The authors of the paper propose a family of models that represent solutions to the supervised problem, and an end-to-end training approach to learning them that combines neural networks with features reminiscent of Gaussian Processes. They call this family of models Conditional Neural Processes (CNPs). CNPs can be trained on very few data points to make accurate predictions, while they also have the capacity to scale to complex functions and large datasets.

Model

Stochastic Processes

Consider a data set [math] \{x_i, y_i\} [/math] with evaluations [math]y_i = f(x_i) [/math] for some unknown function [math]f[/math]. Assume [math]g[/math] is an approximating function of [math]f[/math]. The aim is to minimize the loss between [math]f[/math] and [math]g[/math] on the entire space [math]X[/math]. In practice, the routine is evaluated on a finite set of observations.

Let training set be [math] O = \{x_i, y_i\}_{i = 0} ^{n-1}[/math], and test set be [math] T = \{x_i, y_i\}_{i = n} ^ {n + m - 1} \subset X[/math] of unlabelled points.

Let [math]P[/math] be a probability distribution over functions [math] F : X \to Y[/math], formally known as a stochastic process. Thus, [math]P[/math] defines a joint distribution over the random variables [math] {f(x_i)}_{i = 0} ^{n + m - 1}[/math]. Therefore, for [math] P(f(x)|O, T)[/math], our task is to predict the output values [math]f(x_i)[/math] for [math] x_i \in T[/math], given [math] O[/math].

A good example is given by the authors, consider a random 1-dimensional function [math]f ∼ P[/math] defined on the real line (i.e., [math]X := R[/math], [math]Y := R[/math]). [math]O[/math] would constitute [math]n[/math] observations of [math]f[/math]’s value [math]y_i[/math] at different locations [math]x_i[/math] on the real line. Given these observations, we are interested in predicting [math]f[/math]’s value at new locations on the real line.

A common assumption made on [math]P[/math] is that all function evaluations of [math] f [/math] are Gaussian distributed. The random functions class is called Gaussian Processes (GPs). This framework of the stochastic process allows a model to be data efficient. However, it's hard to get appropriate priors and stochastic processes are expensive in computation, scaling poorly with [math]n[/math] and [math]m[/math]. One of the examples is GPs, which has running time [math]O(n+m)^3[/math].

001.jpg

Conditional Neural Process

Conditional Neural Process models directly parametrize conditional stochastic processes without imposing consistency with respect to some prior process. CNP parametrize distributions over [math]f(T)[/math] given a distributed representation of [math]O[/math] of fixed dimensionality. Thus, the mathematical guarantees associated with stochastic processes is traded off for functional flexibility and scalability.

CNP is a conditional stochastic process [math]Q_\theta[/math] defines distributions over [math]f(x_i)[/math] for [math]x_i \in T[/math], given a set of observations [math]O[/math]. For stochastic processs, the authors assume that [math]Q_{\theta}[/math] is invariant to permutations, and [math]Q_\theta(f(T) | O, T)= Q_\theta(f(T') | O, T')=Q_\theta(f(T) | O', T) [/math] when [math] O', T'[/math] are permutations of [math]O[/math] and [math]T [/math]. In this work, we generally enforce permutation invariance with respect to [math]T[/math] be assuming a factored structure, which is the easiest way to ensure a valid stochastic process. That is, [math]Q_\theta(f(T) | O, T) = \prod _{x \in T} Q_\theta(f(x) | O, x)[/math]. Moreover, this framework can be extended to non-factored distributions.

In detail, the following architecture is used.

[math]r_i = h_\theta(x_i, y_i)[/math][math](x_i, y_i) \in O[/math], where [math]h_\theta : X \times Y \to \mathbb{R} ^ d[/math]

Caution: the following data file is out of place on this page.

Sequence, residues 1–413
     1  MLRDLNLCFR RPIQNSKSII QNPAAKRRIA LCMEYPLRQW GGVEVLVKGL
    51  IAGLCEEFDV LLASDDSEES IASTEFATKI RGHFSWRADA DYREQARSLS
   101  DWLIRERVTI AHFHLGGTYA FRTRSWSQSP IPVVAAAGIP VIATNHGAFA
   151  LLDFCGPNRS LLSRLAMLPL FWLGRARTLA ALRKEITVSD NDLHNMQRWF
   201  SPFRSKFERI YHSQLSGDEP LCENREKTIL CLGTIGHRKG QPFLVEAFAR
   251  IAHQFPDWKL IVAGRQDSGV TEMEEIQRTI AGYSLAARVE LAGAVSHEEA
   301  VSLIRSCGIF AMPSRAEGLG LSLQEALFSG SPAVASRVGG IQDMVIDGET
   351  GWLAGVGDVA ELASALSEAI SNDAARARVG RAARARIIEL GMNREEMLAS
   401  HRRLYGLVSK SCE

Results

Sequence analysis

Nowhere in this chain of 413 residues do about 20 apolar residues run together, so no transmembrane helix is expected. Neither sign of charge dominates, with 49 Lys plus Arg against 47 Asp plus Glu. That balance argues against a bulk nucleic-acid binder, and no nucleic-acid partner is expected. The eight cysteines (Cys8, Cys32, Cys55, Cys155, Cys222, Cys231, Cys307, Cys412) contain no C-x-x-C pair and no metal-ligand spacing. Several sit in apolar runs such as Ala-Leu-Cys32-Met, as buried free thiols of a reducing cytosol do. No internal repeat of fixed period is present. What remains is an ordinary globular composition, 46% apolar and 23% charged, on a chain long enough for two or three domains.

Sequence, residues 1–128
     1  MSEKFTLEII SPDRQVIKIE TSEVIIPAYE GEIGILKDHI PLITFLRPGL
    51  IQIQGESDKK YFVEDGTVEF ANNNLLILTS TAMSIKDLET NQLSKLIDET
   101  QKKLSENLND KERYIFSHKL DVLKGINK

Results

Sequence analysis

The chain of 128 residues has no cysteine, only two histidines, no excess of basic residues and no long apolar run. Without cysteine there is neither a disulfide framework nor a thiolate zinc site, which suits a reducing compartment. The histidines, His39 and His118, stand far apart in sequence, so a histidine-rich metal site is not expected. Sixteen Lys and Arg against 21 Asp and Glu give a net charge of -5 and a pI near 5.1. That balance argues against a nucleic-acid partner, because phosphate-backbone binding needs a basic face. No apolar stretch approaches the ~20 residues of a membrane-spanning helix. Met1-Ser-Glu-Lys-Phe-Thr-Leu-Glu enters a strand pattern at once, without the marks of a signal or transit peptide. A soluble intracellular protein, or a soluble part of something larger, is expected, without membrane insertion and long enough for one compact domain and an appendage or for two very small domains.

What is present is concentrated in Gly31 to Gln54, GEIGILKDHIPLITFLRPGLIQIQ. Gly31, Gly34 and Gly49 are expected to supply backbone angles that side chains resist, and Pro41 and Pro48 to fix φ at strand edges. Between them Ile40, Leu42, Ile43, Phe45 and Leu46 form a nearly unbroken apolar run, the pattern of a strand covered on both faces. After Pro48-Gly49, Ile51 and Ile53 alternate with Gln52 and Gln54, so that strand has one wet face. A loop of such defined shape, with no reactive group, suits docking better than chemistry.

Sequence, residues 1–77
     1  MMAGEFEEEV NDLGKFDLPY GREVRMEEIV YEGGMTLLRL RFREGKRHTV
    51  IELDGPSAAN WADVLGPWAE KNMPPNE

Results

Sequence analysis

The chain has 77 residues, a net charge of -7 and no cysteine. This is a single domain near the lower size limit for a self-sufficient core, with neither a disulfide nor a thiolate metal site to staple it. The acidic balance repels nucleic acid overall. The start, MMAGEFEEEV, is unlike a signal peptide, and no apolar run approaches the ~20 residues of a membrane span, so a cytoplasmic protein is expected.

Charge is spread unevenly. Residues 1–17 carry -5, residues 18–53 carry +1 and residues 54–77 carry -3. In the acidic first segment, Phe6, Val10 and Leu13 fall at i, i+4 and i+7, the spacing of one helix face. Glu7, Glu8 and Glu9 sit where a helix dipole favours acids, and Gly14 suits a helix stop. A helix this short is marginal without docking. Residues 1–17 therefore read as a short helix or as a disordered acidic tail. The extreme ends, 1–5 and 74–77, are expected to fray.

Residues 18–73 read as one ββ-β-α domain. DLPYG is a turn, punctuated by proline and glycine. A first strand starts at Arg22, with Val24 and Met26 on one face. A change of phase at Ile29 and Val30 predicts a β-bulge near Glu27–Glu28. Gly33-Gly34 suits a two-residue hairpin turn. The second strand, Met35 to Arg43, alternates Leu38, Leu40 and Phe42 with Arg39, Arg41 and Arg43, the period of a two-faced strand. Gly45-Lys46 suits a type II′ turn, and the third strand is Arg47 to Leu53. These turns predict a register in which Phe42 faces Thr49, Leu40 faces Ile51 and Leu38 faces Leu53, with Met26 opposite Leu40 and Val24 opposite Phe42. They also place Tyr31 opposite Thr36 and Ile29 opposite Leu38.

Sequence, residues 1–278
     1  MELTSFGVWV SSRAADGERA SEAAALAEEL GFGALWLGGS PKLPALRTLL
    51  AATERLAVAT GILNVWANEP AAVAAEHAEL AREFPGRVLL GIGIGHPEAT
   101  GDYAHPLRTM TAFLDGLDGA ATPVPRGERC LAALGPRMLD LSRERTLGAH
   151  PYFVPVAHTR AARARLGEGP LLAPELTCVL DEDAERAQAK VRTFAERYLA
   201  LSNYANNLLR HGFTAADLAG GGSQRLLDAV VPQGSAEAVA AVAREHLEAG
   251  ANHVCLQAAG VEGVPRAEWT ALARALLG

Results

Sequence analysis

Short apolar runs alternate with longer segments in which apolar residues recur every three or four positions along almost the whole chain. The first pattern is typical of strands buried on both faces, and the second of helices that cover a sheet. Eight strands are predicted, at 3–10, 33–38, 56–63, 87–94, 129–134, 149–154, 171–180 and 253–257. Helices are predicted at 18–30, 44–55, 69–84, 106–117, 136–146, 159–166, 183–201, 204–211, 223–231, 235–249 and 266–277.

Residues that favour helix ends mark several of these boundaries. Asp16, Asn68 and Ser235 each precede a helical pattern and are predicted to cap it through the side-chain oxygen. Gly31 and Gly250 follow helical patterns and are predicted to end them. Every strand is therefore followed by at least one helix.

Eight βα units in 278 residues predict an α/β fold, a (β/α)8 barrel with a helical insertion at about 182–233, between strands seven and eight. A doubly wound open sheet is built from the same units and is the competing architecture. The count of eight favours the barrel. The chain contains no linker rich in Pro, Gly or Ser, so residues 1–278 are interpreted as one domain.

[math]r = r_i * r_2 * ... * r_n[/math], where [math]*[/math] is a commutative operation that takes elements in [math]\mathbb{R}^d[/math] and maps them into a single element of [math]\mathbb{R} ^ d[/math]

[math]\Phi_i = g_\theta[/math][math]x_i \in T[/math], where [math]g_\theta : X \times \mathbb{R} ^ d \to \mathbb{R} ^ e[/math] and [math]\Phi_i[/math] are parameters for [math]Q_\theta[/math]

Note that this architecture ensures permutation invariance and [math]O(n + m)[/math] scaling for conditional prediction. Also, [math]r = r_i * r_2 * ... * r_n[/math] can be computed in [math]O(n)[/math], this architecture supports streaming observation with minimal overhead.

We train [math]Q_\theta[/math] by asking it to predict [math]O[/math] conditioned on a randomly chosen subset of [math]O[/math]. This gives the model a signal of the uncertainty over the space X inherent in the distribution P given a set of observations. The authors let [math] f \sim P[/math], [math] O = \{(x_i, y_i)\}_{i = 0} ^{n-1}[/math], and N ~ uniform[0, 1, ..... ,n-1]. Subset [math] O = \{(x_i, y_i)\}_{i = 0} ^{N}[/math] that is first N elements of [math]O[/math] is regarded as condition. The negative conditional log probability is given by \[\mathcal{L}(\theta)=-\mathbb{E}_{f \sim p}[\mathbb{E}_{N}[\log Q_\theta(\{y_i\}_{i = 0} ^{n-1}|O_{N}, \{x_i\}_{i = 0} ^{n-1})]]\] Thus, the targets it scores [math]Q_\theta[/math] on include both the observed and unobserved values. In practice, Monte Carlo estimates of the gradient of this loss is taken by sampling [math]f[/math] and [math]N[/math].

This approach shifts the burden of imposing prior knowledge from an analytic prior to empirical data. This has the advantage of liberating a practitioner from having to specify an analytic form for the prior, which is ultimately intended to summarize their empirical experience. Still, we emphasize that the [math]Q_\theta[/math] are not necessarily a consistent set of conditionals for all observation sets, and the training routine does not guarantee that.

In summary,

1. A CNP is a conditional distribution over functions trained to model the empirical conditional distributions of functions [math]f \sim P[/math].

2. A CNP is permutation invariant in [math]O[/math] and [math]T[/math].

3. A CNP is scalable, achieving a running time complexity of [math]O(n + m)[/math] for making [math]m[/math] predictions with [math]n[/math] observations.